I'd be shocked if more than about five or so people actually fully understood what I'm talking about here, and unsurprised if nobody did. I suspect that those who grok the maths and physics type bits will not grok the gender-theory type bits, and vice versa. However, I'm going to post it anyway, because I'm sure that you all really need more proof that I'm a complete and utter dork.

So, we have the traditional view of gender, which is discrete. There are two distinct states into which everyone falls. Go a little bit more progressive and you get a line with "male" at one end, "female" at the other, and "androgynous" in the middle. Go a little further and you get what amounts to a two dimensional vector space, with male on one axis and female on the other, which allows for differentiation between "both" and "neither". Then, you can add an extra axis, perpendicular to the first two, and labeled "other", giving gender as a three dimensional vector space.

So far so good. I've seen this sort of model, or slight variations upon it, proposed numerous times. The problem is that "other" is a distinctly catch-all type of term. There's no reason why there can't be a second other which is independant of and orthogonal to the first one (and to male and female). Or a third. Or a fourth. Or any number. So let us add an infinite number of dimensions, each with infinitesimal contributions, and move over to a Hilbert space. Let us also remove the labels "male" and "female" from this basis since giving any significance to individual dimensions becomes utterly pointless.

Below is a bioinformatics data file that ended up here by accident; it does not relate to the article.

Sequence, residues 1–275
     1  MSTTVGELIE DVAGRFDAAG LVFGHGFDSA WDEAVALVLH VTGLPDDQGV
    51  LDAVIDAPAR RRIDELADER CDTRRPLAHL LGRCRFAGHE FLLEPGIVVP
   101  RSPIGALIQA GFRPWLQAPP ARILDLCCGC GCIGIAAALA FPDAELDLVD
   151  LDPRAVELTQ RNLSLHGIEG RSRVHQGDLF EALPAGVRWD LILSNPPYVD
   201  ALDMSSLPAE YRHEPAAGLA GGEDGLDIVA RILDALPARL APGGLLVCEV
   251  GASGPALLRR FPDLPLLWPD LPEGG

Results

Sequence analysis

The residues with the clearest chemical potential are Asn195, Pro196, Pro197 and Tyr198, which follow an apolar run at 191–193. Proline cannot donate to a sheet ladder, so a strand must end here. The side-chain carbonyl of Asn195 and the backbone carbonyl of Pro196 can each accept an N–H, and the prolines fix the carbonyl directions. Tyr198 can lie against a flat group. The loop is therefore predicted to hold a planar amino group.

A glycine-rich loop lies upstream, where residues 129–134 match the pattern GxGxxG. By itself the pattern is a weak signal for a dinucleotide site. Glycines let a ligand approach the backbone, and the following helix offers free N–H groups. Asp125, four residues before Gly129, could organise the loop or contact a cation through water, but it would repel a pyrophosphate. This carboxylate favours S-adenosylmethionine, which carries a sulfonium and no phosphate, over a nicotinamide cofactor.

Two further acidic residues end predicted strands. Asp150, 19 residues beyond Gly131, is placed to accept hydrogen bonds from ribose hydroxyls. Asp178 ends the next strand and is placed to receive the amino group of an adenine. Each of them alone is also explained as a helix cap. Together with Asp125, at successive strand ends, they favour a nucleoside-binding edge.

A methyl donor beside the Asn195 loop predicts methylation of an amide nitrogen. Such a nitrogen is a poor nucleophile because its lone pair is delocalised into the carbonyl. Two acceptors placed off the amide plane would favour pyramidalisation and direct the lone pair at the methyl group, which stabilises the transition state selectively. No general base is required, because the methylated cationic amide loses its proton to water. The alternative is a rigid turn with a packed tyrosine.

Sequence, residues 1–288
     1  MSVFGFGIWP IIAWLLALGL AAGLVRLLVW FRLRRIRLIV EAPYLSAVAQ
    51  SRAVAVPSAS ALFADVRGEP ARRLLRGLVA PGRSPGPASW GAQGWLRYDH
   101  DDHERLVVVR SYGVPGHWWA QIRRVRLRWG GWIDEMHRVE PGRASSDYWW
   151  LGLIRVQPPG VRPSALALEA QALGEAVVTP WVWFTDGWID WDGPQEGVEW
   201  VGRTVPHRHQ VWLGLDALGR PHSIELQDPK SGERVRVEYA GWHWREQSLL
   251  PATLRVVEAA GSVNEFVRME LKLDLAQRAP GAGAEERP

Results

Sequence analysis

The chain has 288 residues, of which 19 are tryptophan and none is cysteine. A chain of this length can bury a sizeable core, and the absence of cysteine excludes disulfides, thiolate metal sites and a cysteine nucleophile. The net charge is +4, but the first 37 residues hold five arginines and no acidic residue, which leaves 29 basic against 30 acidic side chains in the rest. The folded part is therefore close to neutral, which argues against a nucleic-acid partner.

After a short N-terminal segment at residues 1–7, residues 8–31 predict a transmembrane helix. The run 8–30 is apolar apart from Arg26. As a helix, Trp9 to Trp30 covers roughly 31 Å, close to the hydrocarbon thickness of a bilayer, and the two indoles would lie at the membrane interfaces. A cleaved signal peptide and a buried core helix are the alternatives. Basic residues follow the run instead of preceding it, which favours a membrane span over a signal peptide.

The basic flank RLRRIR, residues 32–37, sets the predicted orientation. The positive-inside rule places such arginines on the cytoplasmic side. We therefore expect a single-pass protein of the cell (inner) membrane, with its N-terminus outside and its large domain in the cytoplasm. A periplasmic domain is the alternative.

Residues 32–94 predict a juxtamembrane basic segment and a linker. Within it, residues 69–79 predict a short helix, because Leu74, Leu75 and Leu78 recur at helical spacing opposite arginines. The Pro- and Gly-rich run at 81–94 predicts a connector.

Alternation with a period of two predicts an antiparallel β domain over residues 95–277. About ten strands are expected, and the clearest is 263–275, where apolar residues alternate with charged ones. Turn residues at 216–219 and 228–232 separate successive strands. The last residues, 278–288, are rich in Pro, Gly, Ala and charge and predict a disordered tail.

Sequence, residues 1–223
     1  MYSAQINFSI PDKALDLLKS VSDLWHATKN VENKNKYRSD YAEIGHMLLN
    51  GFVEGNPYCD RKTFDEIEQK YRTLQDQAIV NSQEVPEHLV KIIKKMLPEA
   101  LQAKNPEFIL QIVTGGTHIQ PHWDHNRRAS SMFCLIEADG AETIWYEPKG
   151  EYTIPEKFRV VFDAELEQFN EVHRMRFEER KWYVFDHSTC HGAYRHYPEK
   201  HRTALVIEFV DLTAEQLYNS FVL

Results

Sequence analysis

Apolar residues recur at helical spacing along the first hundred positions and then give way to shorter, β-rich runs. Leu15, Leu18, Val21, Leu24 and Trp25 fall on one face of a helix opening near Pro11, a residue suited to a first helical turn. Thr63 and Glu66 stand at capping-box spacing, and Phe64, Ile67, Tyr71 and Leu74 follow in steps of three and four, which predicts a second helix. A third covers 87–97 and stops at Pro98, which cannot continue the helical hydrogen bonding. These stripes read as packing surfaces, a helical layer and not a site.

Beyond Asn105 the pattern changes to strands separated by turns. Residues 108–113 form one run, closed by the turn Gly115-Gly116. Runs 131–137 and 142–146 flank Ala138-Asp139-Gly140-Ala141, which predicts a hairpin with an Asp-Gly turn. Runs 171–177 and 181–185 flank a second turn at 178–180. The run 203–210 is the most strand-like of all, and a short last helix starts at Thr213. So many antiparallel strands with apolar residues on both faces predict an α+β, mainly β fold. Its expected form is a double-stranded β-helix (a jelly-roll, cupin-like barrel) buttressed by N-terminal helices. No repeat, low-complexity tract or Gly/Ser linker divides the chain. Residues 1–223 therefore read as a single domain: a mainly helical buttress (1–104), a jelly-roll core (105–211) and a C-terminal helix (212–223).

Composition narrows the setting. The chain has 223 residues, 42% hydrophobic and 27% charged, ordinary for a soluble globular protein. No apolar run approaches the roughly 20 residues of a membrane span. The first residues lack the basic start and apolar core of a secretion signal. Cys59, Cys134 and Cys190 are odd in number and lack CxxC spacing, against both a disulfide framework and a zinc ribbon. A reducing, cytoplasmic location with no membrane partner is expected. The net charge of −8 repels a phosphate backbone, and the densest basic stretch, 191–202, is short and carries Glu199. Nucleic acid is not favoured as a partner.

So, each person has a certain inate gender, which is, essentially, some infinitely dimensioned vector within our hilbert space. It would then seem to make sense that we never actually observe the gender directly, but rather that we observe how certain operators act upon it -- or, to put it another way, how the person in question responds to a given set of stimuli. Now, if we allow our operator to be an eigenfunction to the gender's eigenvector then we allow for our actual observable to be a simple eigenvalue.

I'm just about managing to convince myself that it's plausible for their to be whole families of gender-functions which could have broadly similar eigenvalues for many operators, but maybe one or two divergent behaviours, and that this would, essentially, depend upon the exact form of the operators. There could be, for instance, two such broad families, which we could label "male" and "female" and then for the rare gender-function that falls outside these families, we could have chaotic behaviour.

It's simple, really.

So, did anyone understand any of that? And if so, does any of it sound like a remotely useful model, or was it just the pseudo-intelectual wangst that I believe it to be?

- Gender is just like quantum physics

redbirdIt does lead, again, to the question of whether the tendency to collapse those observations to a very few points (often to only two) is primarily because that's what we've learned to see, or because most people's genders cluster in a few places.

I am also reminded of a friend's idea that there are as many sexual orientations as there are people; that we label them in a few groups for convenience or because we consider some differences/aspects more important than others; and that those labels in turn tend to limit our explorations.

nancylebovI'm recommend Hanne Blank's speech--she describes her sexual identification as sovereign. Aside from having a pleasingly high level of attitude, it may be a sounder theory because it allows for the possibility of preferences changing with time. Or is part of the point of the physics/math that you can leave time out, and assume that people have permenent orientations which get expressed varyingly under different circumstances?

I admit I'm skimming the hard parts of the math, so I'm not sure why the non-male, non-female points would exhibit especially chaotic behavior. I would think they'd just be outside the majority clouds of points.

rosefoxcattitude